The truth is that Achievement points are, for many, the glue that holds Microsoft's Xbox Live service together, the reason why we buy a cross-platform game on one particular system and not the others, one's gamerscore simultaneously a badge of bragging rights, a measure of how thoroughly we play our games and, most troubling, an irrefutable record of how we spend our days.

From the perspective of a developer, however, Achievements have a great many other tangible benefits. They allow game-makers to tap into the different reasons why different players play particular games, sending one group off to collect a thousand orbs, another to accumulate ten thousand kills and another still to work to become the best in the world.

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The gnome quest in Half-Life: Episode Two is at the extreme end of the meta Achievement scale. (Thanks to PC Gamer's Tom Francis for the use of this screenshot.)

Some developers employ Achievements to encourage players to use all the in-game tools available to their character, or even to explain in explicit terms how the game systems work. Many developers use Achievements to make jokes or wry commentary. Dead Rising's 'Zombie Genocider', awarded for killing 54,594 zombies was drolly-trumped by Left 4 Dead, which offered 'Zombie Genocidist' for killing 53,595 of the undead. Almost all of Civilization Revolution's Achievement names will be hilarious to hardcore RTS nerds (and impenetrable for the rest of us).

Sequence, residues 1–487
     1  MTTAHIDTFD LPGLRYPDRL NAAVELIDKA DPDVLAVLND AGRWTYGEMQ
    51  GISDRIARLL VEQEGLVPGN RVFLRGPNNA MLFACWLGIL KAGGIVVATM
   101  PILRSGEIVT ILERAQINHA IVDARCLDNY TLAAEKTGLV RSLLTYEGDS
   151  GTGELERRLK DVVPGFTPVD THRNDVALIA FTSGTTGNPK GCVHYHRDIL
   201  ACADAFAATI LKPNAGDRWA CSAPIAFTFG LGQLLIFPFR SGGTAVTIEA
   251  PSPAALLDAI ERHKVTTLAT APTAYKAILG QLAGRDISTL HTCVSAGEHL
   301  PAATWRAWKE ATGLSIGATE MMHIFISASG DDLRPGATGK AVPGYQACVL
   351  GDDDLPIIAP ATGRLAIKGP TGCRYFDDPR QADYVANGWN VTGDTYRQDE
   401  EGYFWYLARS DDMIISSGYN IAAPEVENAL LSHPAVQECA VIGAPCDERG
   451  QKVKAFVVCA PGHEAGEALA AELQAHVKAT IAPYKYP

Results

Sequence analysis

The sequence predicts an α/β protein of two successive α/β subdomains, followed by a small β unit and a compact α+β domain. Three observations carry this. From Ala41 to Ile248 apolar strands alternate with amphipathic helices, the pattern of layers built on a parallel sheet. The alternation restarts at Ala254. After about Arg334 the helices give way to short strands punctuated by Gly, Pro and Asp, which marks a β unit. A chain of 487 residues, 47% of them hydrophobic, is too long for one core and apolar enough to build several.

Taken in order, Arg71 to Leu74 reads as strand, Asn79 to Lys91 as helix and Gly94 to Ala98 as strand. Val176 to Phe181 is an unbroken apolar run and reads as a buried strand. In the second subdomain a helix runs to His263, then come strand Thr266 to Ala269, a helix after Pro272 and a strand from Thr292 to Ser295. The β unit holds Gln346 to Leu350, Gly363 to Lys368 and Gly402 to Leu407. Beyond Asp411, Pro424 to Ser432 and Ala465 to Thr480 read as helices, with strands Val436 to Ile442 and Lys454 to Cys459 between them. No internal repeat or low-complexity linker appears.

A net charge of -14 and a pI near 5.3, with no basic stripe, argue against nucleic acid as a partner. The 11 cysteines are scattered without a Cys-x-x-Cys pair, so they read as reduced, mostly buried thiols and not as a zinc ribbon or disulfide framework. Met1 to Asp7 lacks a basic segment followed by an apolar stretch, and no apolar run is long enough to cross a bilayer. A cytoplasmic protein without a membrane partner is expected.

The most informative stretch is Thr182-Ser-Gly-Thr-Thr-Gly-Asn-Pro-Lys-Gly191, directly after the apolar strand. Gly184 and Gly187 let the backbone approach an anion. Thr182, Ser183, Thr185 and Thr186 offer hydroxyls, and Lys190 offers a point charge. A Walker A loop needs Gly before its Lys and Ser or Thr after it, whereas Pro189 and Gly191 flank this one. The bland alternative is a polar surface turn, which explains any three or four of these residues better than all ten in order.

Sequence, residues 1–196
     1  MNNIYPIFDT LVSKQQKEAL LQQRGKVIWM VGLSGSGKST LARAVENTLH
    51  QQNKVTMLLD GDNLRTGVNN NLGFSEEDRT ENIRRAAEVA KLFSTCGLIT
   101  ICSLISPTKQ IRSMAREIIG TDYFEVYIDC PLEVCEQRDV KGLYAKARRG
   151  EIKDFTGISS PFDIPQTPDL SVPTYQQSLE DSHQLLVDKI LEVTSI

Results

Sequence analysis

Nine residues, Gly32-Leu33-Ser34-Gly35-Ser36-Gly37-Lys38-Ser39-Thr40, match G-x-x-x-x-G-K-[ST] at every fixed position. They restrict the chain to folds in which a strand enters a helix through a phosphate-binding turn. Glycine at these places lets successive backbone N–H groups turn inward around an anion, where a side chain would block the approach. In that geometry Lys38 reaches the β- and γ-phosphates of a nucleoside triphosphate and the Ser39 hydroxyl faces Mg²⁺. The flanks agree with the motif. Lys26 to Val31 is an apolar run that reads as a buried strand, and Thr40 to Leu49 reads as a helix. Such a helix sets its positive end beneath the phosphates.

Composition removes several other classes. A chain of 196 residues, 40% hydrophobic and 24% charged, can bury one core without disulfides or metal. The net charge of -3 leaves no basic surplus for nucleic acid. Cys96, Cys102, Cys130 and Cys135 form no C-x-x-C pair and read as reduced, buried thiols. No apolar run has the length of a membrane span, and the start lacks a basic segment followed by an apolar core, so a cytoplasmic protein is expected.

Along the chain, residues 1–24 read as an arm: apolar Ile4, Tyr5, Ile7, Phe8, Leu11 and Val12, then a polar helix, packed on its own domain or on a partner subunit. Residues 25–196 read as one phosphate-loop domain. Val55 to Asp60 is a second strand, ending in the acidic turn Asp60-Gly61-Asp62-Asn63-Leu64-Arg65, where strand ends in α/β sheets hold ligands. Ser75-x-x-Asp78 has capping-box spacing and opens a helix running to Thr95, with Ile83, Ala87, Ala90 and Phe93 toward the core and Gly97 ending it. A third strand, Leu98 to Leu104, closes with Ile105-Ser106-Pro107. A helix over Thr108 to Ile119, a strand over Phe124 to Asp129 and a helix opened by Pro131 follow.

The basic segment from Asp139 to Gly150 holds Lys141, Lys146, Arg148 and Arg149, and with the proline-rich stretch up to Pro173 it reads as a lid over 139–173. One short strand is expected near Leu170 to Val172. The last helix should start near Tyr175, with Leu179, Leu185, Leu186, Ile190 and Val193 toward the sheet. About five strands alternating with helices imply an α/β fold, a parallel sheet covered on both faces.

Of course, at their worst, Achievements seek to somehow make up for a lack of interesting in-game challenges, sending players off on empty fetch-quests and inane collect-'em-up hunts. But at their best, they inspire us to play the game in new and interesting ways, subverting the games rule-set, and, in the case of Geometry Wars' Pacifism Achievement, even birthing new game modes in future sequels.

So we mock Achievement points because they spell out in large numbers what is so pathetic about videogames. But we also celebrate them, because, when used in funny, creative or interesting ways, they also spell out what is so compelling and wonderful about videogames. Because for every Achievement in which you have to do nothing more than play through a tutorial there's another that subverts convention, rewarding you for skipping it instead. For every fetch quest that has you collecting dogtags for the millionth time, there's another that makes you fight the baddy with your arms tied behind your back. And for every Achievement you earn in jest for pressing the start button, there's another that only rewards the single best player in the world. With that in mind, turn the page for ten of the very best.